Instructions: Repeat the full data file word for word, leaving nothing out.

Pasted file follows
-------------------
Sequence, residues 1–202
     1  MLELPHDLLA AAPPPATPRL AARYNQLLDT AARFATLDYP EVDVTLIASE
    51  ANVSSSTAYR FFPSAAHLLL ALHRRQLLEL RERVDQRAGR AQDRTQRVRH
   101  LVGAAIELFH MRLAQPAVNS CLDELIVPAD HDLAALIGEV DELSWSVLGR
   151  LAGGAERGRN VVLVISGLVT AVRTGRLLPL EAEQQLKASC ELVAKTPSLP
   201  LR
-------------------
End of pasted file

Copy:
Sequence, residues 1–202
     1  MLELPHDLLA AAPPPATPRL AARYNQLLDT AARFATLDYP EVDVTLIASE
    51  ANVSSSTAYR FFPSAAHLLL ALHRRQLLEL RERVDQRAGR AQDRTQRVRH
   101  LVGAAIELFH MRLAQPAVNS CLDELIVPAD HDLAALIGEV DELSWSVLGR
   151  LAGGAERGRN VVLVISGLVT AVRTGRLLPL EAEQQLKASC ELVAKTPSLP
   201  LR